Kid Rock 

Confession time. I used to be sort of…cool. I tell you this with some trepidation only because when I try to convince my teenage stepdaughters of this fact, they basically guffaw in my face.
Confession time. I used to be sort of… cool. I tell you this with some trepidation only because when I try to convince my teenage stepdaughters of this fact, they basically guffaw in my face.

The truth is, though, that during my college days in Athens, Ga., I hung with some of the most revered names in alternative music history. I spent many an evening backstage at the famed 40 Watt Club, traveled with bands to “sell T-shirts” at their gigs (the easiest way to get into a bar without being carded), and even sang backup in a reggae band called The Good Herbs. (OK, that last one wasn’t cool at all, but it paid well, so shut up.)

My cool quotient was sorely tested when I abandoned the music scene for the cheap plastic world of television news. There was only so much hell I could raise when I had to report to work at 3 a.m. to make happy talk for Columbia, S.C.’s morning show. Besides, their idea of cool was some guy named Hootie, whose music sucked ass.

Once I moved to Nashville, I had every intention of restoring my cool. Instead I had to go and fall in love with a guy who convinced me that marriage and a house full of kids were far more fulfilling than landing tickets to a last-minute White Stripes concert. He was right, of course, or so I keep telling myself. But I still yearn sometimes to lose myself in the sounds of loud guitars and thumping beats. I still want to feel bodies hurtling against mine in a mad push to get to the stage. I still want to lock eyes with the lead singer for one long moment and know we both get it. And that’s why I threw caution to the wind last Sunday night and did all of those things.

The rockers who took the stage that night reminded me a bit of my favorite live act, Old Crow Medicine Show, both for their raucous, foot-stomping energy and for the crowd of overall-clad kids who danced madly before them. But these kids weren’t slumming Vandy students; they were preschoolers, enrolled at The Temple Playschool in the heart of Belle Meade, and they were watching their music teacher and his band play songs from their newly released CD, Adam and the Couch Potatoes. Yeah, I know, it wasn’t exactly what you were expecting, but I’m a mama now. I take what I can get.

“Doodle, doodle, doodle, doodle, di do do…hanging from the monkey bars,” band leader Adam Selzer sang, backed by a crew of five singer/musicians crazily dressed. Their sticky audience went wild, strumming inflatable guitars and blowing on plastic trumpets with spaghetti sauce-ringed lips. Behind them, I smiled and tapped my foot, looking down at my dancing 3-year-old daughter, whom I’d brought along for the show. And that’s when I was smacked in the side of the head. Hard.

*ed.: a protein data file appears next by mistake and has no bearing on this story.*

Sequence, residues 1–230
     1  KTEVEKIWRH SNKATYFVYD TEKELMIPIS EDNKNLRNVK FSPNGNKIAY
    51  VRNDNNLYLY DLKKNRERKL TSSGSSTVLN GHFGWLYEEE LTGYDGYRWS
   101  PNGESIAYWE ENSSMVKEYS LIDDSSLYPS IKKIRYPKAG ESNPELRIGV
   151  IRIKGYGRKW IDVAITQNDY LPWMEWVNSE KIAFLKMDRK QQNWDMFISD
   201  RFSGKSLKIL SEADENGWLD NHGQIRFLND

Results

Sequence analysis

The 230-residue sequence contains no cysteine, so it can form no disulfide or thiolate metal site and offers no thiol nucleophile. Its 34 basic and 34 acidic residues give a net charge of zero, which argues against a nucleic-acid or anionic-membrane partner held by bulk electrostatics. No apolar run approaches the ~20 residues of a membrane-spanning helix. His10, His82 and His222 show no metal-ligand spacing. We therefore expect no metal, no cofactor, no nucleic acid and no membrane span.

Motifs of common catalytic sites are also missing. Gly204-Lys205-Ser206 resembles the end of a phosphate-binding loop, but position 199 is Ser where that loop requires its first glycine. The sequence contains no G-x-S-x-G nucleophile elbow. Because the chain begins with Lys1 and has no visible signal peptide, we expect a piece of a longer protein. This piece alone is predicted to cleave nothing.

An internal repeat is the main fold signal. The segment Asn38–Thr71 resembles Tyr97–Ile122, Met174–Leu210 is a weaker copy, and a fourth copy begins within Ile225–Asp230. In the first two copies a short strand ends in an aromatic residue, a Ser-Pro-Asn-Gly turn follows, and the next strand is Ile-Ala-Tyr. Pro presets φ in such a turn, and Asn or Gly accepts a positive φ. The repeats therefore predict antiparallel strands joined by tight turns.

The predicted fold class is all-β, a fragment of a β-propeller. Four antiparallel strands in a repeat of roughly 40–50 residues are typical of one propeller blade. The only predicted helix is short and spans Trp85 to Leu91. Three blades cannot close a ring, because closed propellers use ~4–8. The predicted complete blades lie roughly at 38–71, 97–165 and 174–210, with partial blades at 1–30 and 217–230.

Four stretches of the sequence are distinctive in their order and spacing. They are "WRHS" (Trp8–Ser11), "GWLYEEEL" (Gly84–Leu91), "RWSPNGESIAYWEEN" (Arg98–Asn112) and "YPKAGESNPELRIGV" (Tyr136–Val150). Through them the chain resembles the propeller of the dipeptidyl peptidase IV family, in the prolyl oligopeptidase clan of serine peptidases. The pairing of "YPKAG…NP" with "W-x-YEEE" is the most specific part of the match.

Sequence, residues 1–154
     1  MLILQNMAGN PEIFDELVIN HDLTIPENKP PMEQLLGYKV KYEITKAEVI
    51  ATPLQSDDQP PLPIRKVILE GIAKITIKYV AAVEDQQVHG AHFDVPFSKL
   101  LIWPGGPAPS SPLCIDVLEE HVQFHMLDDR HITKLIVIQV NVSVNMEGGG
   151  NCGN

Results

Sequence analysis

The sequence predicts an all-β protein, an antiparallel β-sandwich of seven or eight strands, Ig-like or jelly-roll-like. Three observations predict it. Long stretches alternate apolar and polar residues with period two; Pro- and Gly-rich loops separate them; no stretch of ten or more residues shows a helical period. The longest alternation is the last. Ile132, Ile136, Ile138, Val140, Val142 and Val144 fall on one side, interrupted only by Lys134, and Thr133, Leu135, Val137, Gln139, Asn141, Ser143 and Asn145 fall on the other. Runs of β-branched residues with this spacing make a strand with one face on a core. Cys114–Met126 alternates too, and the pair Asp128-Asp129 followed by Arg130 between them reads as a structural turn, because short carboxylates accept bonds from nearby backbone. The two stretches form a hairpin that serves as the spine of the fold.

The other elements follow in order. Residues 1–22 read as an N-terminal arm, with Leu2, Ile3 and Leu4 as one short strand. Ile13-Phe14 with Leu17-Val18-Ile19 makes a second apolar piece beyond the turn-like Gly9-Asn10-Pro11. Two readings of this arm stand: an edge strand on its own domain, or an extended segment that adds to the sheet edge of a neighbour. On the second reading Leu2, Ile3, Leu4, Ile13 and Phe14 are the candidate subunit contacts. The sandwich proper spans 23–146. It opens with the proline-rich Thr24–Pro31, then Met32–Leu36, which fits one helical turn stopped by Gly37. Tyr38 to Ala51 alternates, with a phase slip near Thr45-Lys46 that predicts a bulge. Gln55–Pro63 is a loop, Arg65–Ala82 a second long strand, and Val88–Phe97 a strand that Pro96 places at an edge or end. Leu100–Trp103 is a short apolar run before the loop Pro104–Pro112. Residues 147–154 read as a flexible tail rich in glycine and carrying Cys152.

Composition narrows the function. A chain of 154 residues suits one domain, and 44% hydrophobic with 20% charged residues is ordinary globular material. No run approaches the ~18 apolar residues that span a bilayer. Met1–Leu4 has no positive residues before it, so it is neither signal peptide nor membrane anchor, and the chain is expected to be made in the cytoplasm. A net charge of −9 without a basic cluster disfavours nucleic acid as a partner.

What the…” I started to say, grabbing at the blow-up guitar that bobbed before me. A cherub-faced little boy grinned wickedly at me. I looked around quickly for his parents, then leaned closer. “Do that again and this guitar gets popped,” I said in a low voice, squeezing it menacingly before handing it back to him. Eyes wide, he scampered off.

Admittedly, the band was playing for a tough crowd. The preschoolers were every bit as interested in a stray balloon that floated tantalizingly just over their heads as they were in the music, and their parents chatted loudly throughout the set, often not even bothering to clap when a song came to an end.

But I have a feeling that these kinds of shows will be the sort of thing the band members laugh about later when they’re rich and famous, because let me tell you—that Adam and the Couch Potatoes? Totally rawk. I hate to gush, but as any parent who’s been subjected to the aural torture contained in most kids’ CDs knows, tolerable children’s music is a big deal, particularly when it’s local. I would call Adam’s band a cross between They Might Be Giants and The Polyphonic Spree, and one listen to their CD was enough to put their songs on continuous play in my mind for days, which was a welcome respite from the Tahra Time theme song that normally makes me crave a good, stiff drink at 9 in the morning.

“Parents are the very first to introduce their kids to music,” 24-year-old Adam explained to me afterward. “It should be good music.” He has the look of a bright-eyed, slightly mad Boy Wonder, and the vision to go with it. He says Adam and the Couch Potatoes are more than just music. It’s a lifestyle, one that he hopes will someday include dolls, toys, music videos, movies, live tours and, ultimately, Total World Domination. “We’re young,” he told me hopefully. “We have the rest of their lives to make this happen.”

I’m thinking The Wiggles might as well hand in their primary color turtlenecks right now. Mommy’s got her cool back.

Check out to hear Adam and the Couch Potatoes and view their live show schedule.


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